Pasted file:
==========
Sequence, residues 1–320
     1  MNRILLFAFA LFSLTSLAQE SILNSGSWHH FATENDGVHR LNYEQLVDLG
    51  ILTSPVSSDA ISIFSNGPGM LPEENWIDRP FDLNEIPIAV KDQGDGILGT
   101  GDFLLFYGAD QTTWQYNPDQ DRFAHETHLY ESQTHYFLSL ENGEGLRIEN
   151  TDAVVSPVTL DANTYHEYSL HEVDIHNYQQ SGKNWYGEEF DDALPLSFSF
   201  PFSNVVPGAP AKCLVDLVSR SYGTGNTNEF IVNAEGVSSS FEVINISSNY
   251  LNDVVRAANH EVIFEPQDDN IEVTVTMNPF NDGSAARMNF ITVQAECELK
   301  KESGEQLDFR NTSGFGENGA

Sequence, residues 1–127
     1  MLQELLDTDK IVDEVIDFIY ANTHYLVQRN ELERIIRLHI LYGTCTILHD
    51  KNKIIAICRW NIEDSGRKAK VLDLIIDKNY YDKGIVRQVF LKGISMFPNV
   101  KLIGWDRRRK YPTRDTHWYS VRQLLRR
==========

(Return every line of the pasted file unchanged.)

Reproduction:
Sequence, residues 1–320
     1  MNRILLFAFA LFSLTSLAQE SILNSGSWHH FATENDGVHR LNYEQLVDLG
    51  ILTSPVSSDA ISIFSNGPGM LPEENWIDRP FDLNEIPIAV KDQGDGILGT
   101  GDFLLFYGAD QTTWQYNPDQ DRFAHETHLY ESQTHYFLSL ENGEGLRIEN
   151  TDAVVSPVTL DANTYHEYSL HEVDIHNYQQ SGKNWYGEEF DDALPLSFSF
   201  PFSNVVPGAP AKCLVDLVSR SYGTGNTNEF IVNAEGVSSS FEVINISSNY
   251  LNDVVRAANH EVIFEPQDDN IEVTVTMNPF NDGSAARMNF ITVQAECELK
   301  KESGEQLDFR NTSGFGENGA

Sequence, residues 1–127
     1  MLQELLDTDK IVDEVIDFIY ANTHYLVQRN ELERIIRLHI LYGTCTILHD
    51  KNKIIAICRW NIEDSGRKAK VLDLIIDKNY YDKGIVRQVF LKGISMFPNV
   101  KLIGWDRRRK YPTRDTHWYS VRQLLRR